Progress is wonderful but it can also be kind of painful. And personally, I feel your pain. Or more specifically, my pocketbook shares your pain. A megabit per second just isn’t what it used to be. But let’s look at what you can do before you start shelling out more money.
How many devices?
The very first thing to consider is to think about how many devices are sharing your internet connection.
If other devices are doing something on the internet while you’re watching your videos, that can impact what you’re watching. In other words, it can slow down your connection.
How many programs?
The same is true for software running on your machine.
Lots of software now assumes internet connectivity and if present, uses it. So check what applications are running on your machine to see if any of them are accessing the network.
My article “How do I monitor network activity on my Windows 7 machine?” is a good place to start. It will walk you through using a tool to identify which programs on your computer are actually trying to connect to the internet and even transferring data.
Browsers, malware and more
Switching browsers is a good idea, at least as an experiment. I’d also look to see what add-ons are installed in those browsers and perhaps try disabling them.
And of course, malware could easily be causing this. A spam bot could, for example, be using your internet bandwidth to send spam and again; what’s leftover for you then would appear to be slower. I’m going to assume that that’s not the case, but it is something worth checking out.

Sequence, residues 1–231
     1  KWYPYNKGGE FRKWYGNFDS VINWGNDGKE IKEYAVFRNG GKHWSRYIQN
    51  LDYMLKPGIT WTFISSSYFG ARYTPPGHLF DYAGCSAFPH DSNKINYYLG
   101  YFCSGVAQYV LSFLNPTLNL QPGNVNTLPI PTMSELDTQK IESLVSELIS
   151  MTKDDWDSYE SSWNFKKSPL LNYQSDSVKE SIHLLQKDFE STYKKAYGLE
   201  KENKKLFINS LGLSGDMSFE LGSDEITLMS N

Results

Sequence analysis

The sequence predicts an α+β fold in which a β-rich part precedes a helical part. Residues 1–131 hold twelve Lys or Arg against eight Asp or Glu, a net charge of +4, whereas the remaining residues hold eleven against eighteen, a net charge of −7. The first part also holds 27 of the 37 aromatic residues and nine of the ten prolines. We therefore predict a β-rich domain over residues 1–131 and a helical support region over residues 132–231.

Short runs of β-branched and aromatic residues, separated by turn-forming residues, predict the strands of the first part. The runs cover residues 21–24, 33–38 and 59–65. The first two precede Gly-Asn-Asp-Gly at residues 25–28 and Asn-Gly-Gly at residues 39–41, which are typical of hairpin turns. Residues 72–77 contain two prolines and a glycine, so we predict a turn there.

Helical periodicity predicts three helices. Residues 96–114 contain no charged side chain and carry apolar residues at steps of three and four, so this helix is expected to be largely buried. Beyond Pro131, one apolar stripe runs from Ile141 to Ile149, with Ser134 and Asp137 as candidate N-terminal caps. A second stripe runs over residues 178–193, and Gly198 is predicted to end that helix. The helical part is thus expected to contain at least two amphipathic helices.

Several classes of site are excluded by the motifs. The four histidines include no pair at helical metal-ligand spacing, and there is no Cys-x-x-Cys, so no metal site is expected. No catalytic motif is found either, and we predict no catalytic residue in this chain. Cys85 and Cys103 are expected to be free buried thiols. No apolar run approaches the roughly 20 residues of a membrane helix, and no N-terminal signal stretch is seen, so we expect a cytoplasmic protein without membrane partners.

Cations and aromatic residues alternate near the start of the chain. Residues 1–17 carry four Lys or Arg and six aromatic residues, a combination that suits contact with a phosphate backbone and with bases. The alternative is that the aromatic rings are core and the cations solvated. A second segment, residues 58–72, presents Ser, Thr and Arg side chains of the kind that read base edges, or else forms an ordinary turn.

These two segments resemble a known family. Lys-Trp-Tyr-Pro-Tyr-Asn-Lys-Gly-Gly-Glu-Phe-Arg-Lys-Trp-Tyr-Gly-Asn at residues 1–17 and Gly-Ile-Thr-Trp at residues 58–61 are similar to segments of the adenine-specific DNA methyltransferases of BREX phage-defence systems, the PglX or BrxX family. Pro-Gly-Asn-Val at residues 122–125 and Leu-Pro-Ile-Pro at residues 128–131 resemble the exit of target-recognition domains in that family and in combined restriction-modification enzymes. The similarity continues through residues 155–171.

Changing YouTube’s video quality settings may help.
YouTube tries to guess what quality of video is appropriate for your internet connection speed. In my experience, not only are more and more videos on YouTube of higher quality (requiring more data transfer), but YouTube’s guess as to what is appropriate for you connection is often off the mark. To choose your own video quality setting, click on the little gear symbol in the video’s control bar, and then select a quality that is lower than the one you’re currently experiencing problems with.
Lower quality might mean a fuzzier picture, but it also means less data moving through your internet connection, and thus a greater possibility that it can actually keep up.
Technology is indeed advancing and assuming that we have more bandwidth than we used to. What was fast years ago is only adequate today and will clearly be insufficient tomorrow.
Like I said, progress is awesome; it’s amazing what we can do these days. But, it can also be a little painful.